Ecosa Institute Founding Director Tony Brown discusses the need for design professionals to have sensitivity to the natural world as they explore solutions for the future.
Category: Climate & Environment
This category is climate change in relation to sustainability and CSR and how these segments effect one another. This includes how climate change has started to cause a wide range of physical effects with serious implications for investors and businesses, and how the business sector discloses climate risks and manage them.
Put simply, a tax shift means to cut one tax and replace it with another—such as to cut income and/or payroll taxes, and put a carbon price in their place. This is called a “tax swap” or “revenue neutrality,” and a diverse group of stakeholders–ranging from Citizens Climate Lobby to ExxonMobil–are coming out in support of it.
A lot of attention has been focused on the Indian Point nuclear plant, in Buchanan N.Y., just 38 miles from New York City. The license for Unit 2 actually expired last September, and New York Gov. Andrew Cuomo would like the plant closed.
In the meantime, ConEd and the New York State Energy Research & Development Authority (NYSERDA), have developed a program to reduce energy demand, reducing the need for generating capacity and making the prospect of eliminating the plant more feasible.
Despite a nearly 30 percent decline in cigarette smoking in the U.S. over the past decade, cigarette butts are still the most littered item across the country and the planet, according to Keep America Beautiful. To tackle this litter problem locally, Bridgestone Arena, home to the Nashville Predators of the NHL, has teamed up with the Nashville Clean Water Project and upcycling company TerraCycle to collect and recycle cigarette butts discarded at the sports and concert venue.
The U.S. EPA has announced that it will use its authority under the Clean Water Act to block development of a proposed copper mine at Bristol Bay, Alaska, that could have a devastating impact on the local salmon industry.
According to a recent CDP poll of 110 cities around the world, 98 percent of cities are reporting risk from climate change. But 71 percent of these cities are putting resilience plans in place to some extent, according to speakers at this year’s Climate Leadership Conference.
Carbon capture and storage technologies, designed to reduce emissions, are getting a better reception in the U.S. than in Europe, according to Technology Centre Mongstad (TCM), a Norwegian firm that tests the technology. A CNBC report based on interviews with TCM executives says the U.S. is a “more welcoming place” for CCS technology, at least at the moment, because Europe is recovering from a debt crisis and recession.
China is infamous for its dangerously high levels of air pollution, and now one man is suing the government for failing to reduce the toxic smog. Li Guixin, who lives in a major industrial region of northern China surrounding Beijing, filed a complaint with a district court, urging the city’s environmental department to improve its efforts to control air pollution, Reuters reported last week.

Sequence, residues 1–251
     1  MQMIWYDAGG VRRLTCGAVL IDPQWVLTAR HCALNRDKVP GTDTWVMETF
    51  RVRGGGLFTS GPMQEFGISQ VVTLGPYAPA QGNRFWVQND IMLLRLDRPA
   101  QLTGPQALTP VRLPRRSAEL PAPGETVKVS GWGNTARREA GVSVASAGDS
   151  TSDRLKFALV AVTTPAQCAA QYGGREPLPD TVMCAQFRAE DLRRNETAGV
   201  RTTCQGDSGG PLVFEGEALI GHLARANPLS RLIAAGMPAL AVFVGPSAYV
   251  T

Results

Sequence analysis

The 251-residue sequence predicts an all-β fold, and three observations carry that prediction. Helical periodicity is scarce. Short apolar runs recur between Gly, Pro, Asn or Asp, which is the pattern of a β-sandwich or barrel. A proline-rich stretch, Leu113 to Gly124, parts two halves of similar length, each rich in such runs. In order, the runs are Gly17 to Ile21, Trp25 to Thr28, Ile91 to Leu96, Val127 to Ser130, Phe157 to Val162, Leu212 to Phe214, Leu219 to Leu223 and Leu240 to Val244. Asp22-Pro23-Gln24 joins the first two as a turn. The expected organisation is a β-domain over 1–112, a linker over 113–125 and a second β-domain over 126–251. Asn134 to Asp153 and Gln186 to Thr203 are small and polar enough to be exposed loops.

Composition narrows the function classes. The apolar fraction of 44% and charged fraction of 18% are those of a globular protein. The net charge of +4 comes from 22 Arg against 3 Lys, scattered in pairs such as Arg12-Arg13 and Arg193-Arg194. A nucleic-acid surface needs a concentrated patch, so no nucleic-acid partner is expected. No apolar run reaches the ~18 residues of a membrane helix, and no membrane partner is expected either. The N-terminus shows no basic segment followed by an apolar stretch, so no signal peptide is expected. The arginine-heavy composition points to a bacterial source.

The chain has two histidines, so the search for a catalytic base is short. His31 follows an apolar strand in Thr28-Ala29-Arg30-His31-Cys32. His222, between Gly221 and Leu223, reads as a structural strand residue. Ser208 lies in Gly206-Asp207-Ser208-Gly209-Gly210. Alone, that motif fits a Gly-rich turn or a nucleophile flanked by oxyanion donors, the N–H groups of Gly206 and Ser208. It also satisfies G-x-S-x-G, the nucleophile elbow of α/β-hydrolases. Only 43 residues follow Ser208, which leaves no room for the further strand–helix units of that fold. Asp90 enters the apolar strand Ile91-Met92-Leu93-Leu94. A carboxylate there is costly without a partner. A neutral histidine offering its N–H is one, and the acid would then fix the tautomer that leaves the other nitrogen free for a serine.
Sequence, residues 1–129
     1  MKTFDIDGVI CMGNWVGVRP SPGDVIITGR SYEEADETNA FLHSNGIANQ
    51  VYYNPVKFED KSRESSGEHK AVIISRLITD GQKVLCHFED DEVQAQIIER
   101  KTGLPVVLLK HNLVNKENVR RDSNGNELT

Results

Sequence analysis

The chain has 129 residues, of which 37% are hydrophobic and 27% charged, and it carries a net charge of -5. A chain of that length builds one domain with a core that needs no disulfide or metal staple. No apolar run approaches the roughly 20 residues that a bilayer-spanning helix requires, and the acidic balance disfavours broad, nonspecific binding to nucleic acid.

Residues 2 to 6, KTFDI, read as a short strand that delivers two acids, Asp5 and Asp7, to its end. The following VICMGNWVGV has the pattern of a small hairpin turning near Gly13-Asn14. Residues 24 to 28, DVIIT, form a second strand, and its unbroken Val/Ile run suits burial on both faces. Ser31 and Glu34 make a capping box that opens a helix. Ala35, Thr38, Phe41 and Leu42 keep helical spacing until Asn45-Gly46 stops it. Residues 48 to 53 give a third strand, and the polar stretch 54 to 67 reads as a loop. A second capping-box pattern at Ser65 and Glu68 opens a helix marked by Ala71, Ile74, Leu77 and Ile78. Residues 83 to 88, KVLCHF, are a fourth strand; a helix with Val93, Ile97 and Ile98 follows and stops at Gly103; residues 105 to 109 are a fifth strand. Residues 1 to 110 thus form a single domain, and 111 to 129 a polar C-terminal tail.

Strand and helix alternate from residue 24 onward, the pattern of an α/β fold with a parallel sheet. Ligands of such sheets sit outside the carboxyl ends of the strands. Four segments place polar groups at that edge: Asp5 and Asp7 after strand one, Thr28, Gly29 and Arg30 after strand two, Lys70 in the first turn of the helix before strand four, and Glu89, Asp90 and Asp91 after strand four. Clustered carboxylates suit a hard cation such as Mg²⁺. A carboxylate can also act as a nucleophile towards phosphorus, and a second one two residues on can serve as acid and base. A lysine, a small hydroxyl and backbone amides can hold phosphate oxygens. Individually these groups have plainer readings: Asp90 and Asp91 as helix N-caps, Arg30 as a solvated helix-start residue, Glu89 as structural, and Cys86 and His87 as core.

Tim Cook, Apple’s CEO and successor to Steve Jobs, is generally known as a man who, unlike his predecessor, has a cool head, and does not let his emotions influence his decisions or his behavior on the job. But that is apparently not the case when it comes to global warming. Nothing seems to get him steamed up more than a group of climate deniers, like the group that recently attended Apple’s annual shareholder meeting last Friday.
The U.S. Environmental Protection Agency (EPA) this past week invoked Section 404(c) of the Clean Water Act in initiating a process “to identify appropriate options to protect the world’s largest sockeye salmon fishery in Bristol Bay, Alaska from the potentially destructive impacts of the proposed Pebble Mine.”
The first years of this century saw an enormous land grab in the developing world: 500 million acres, an area eight times the size of Britain, was bought or leased by speculators. This often occurred at the expense of food security and land rights.
The Earth loses 50 soccer fields’ worth of forest land every minute of every day, according to data from the University of Maryland and Google. But a joint effort from the World Resources Institute (WRI), Google and a group of 40 other businesses, governments and nonprofits aims to reduce that staggering statistic. Last week, the team of public-private partners launched Global Forest Watch, an online forest monitoring and alert system that seeks to reduce deforestation and improve forest management worldwide.
A California city government enacting a strict energy efficient building code and installing electric vehicle charging stations, a wireless provider reducing its carbon footprint by more than 18 percent and a university campus with 19 LEED-certified buildings – these were just a few of the winners of this year’s Climate Leadership Awards from the Environmental Protection Agency (EPA). Announced Wednesday, 19 awards recognized 15 organizations and two individuals in both the public and private sectors for their leadership in addressing climate change by reducing greenhouse gas emissions.
Rex Tillerson, ExxonMobil’s chairman and CEO, is part of a lawsuit seeking to block construction of a 160-foot water tower adjacent to his and his wife’s Bartonville, Texas home. The tower will supply water to a nearby hydraulic fracturing site.